It's a short book with drawings (she is an artist) so it's not a massive waste of time just not full of valuable info if you really want to get rid of stuff.


message 28: by Barbara (new)

Barbara (cinnabarb) | 2539 comments Madrano wrote: "I finished reading the long-awaited (by me, that is) The Gentle Art of Swedish Death Cleaning: How to Make Your Loved Ones’ Lives Easier and Your Own Life More Pleasant by [author:M..."

I didn't realize people wrote books about this topic until this one came out. It seems morbid, to prepare for your death by decluttering. I don't think everyone can do it (or even most people).


message 29: by Alias Reader (last edited Feb 11, 2018 09:46AM) (new)

Alias Reader (aliasreader) | 16820 comments I think it's a question of what one is getting rid of. If you have items that are bringing you happiness (your china, books, knickknacks whatever) I say keep them! Enjoy your life up to the very last second.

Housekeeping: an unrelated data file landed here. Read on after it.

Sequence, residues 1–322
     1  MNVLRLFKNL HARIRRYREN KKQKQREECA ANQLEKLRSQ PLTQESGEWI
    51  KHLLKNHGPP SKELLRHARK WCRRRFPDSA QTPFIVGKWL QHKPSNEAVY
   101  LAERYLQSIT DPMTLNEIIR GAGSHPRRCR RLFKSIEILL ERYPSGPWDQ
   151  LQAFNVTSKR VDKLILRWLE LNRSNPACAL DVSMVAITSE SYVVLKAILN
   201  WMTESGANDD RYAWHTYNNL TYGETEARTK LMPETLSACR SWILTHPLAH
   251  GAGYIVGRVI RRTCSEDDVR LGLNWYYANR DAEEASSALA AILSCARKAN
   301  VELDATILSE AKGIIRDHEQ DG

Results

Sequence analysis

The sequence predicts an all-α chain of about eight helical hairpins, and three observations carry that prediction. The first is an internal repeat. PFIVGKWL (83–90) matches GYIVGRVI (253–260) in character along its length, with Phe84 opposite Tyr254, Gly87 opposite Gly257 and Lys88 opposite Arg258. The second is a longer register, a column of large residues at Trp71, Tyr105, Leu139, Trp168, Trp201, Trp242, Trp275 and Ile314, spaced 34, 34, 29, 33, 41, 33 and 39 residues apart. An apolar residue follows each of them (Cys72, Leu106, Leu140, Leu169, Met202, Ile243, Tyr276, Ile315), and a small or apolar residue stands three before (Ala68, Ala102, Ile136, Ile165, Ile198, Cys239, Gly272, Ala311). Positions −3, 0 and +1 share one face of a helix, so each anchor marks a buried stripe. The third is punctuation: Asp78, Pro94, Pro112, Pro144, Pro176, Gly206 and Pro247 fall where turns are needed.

However, you have closets, a garage or basement filled with things that you never look at, will never use or are broken then no matter your age, get rid of it. Stuff like that weighs you down, causes stress, anxiety and is depressing.

I see no reason for a person who is elderly to feel the need to give up items they love even if ones relatives may not want or need them.